Everything you ever wanted to know before you buy mapping software…
Samples of the types of map you can create from Excel data, using eSpatial cloud-based mapping software
1.Know what you want to map
Mapping is no longer just about drawing boundaries on land masses. It’s about plotting spreadsheet data, relevant to specific locations. That could be as simple as plotting your favorite restaurants on a city map or as complex as working out the optimum distance and routing for your nationwide fleet of delivery trucks. The level of sophistication you require should be top of your mind when you purchase mapping software.
2.Decide whether you want a desktop or cloud-based software
Increasingly, there is a tendency for software to be available as an online service (e.g., Microsoft 365). The advantage of buying a cloud-based mapping software is that it works across platforms and that it is always up-to-date. However, there is plenty of desktop-based mapping software also available, such as MapPoint. The advantage of this type of software is cost – it’s a one-off payment. However, buyer beware…
3.What is the REAL cost of the software?
Costs are not always as clear as they may first seem. For instance, if you opt for a desktop software, the data it contains will immediately start to go out of date. (Last year, The Crimea belonged to Ukraine, now it is part of Russia). To get up to date geographic data, you may have to purchase a new version of the software. Also, consider how many people will need access to the mapping software. You may get a better deal by purchasing online mapping software, where prices reduce, per user, according to the number of users per license. Something else to be aware of is add-on costs. Many mapping software companies charge extra to supply additional boundary datasets ( i.e., geographic regions like counties, zip codes, etc) outside of the basic software package.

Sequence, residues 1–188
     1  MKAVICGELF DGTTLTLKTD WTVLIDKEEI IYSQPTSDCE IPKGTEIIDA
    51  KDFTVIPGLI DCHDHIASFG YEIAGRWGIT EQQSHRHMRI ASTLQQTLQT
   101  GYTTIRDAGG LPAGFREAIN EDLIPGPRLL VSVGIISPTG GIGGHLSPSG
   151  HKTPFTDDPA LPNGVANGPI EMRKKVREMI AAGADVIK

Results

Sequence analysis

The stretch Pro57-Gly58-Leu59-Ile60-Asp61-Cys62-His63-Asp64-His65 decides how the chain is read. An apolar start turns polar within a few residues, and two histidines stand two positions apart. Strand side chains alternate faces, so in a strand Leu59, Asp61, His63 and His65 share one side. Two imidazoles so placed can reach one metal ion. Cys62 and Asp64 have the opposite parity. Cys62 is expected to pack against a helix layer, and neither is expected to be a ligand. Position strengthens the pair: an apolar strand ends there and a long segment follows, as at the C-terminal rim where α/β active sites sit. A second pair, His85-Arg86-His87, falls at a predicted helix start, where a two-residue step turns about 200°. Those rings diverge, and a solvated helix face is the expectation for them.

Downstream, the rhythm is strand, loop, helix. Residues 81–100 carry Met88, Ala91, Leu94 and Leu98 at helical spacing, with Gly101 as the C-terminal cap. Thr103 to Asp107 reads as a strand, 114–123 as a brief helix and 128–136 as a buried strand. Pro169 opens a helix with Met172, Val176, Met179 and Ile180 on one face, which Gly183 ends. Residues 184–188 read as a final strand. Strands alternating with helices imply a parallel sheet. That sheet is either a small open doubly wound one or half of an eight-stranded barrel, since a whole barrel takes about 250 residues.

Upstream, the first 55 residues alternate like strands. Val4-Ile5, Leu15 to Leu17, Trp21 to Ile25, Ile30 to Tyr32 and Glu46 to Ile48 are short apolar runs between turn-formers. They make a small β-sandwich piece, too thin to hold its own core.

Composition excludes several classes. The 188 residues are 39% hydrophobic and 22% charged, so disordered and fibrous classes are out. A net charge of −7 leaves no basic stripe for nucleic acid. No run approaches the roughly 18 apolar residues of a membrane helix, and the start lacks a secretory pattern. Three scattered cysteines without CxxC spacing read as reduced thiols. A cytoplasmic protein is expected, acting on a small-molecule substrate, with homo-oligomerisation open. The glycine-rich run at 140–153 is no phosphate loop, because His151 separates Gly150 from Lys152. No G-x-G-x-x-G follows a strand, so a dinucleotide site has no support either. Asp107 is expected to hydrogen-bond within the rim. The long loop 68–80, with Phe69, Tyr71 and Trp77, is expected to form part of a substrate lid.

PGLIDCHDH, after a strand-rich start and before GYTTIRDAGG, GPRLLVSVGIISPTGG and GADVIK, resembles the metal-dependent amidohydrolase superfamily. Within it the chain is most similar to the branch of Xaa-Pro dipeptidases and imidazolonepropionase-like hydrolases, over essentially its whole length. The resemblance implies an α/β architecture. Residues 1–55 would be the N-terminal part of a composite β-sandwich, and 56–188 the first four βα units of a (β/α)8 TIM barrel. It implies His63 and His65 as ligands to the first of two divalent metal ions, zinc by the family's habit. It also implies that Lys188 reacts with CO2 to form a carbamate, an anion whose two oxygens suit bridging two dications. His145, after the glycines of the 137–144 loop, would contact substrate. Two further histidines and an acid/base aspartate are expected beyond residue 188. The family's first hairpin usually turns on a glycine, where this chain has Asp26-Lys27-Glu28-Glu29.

4.What levels of support do you require?
Most of us would be able to quickly work out how to plot Excel spreadsheet data on a map, using any reasonable software program. It’s when you go beyond the basics (and you may not need to, ever) that things get a little bit trickier. A good tip is to trial or sample software, before purchase, and try to do something not immediately obvious (or even possible) – go looking for help on how to do that. What’s the result? Are there supporting materials (help pages, videos, etc), or people, available who can help you out when you run up against a brick wall? Is it clear that you can or cannot do something?
5.How much functionality does the software have?
There is a lot of mapping software that is easy-to-use and great at doing basic pin/point maps. That may suit your needs, at least initially. However, you may want to think about what you will need in the future – will you require more functionality once you’ve mastered the basics? Would you need to analyze data using proximity maps (e.g. radius maps) or heat maps, for instance? Do you require routing? The last thing you want to do is purchase a simple, but cheap, mapping program, only to discover that it is so limited in functionality that you have to buy another program – with better functionality – a short time later.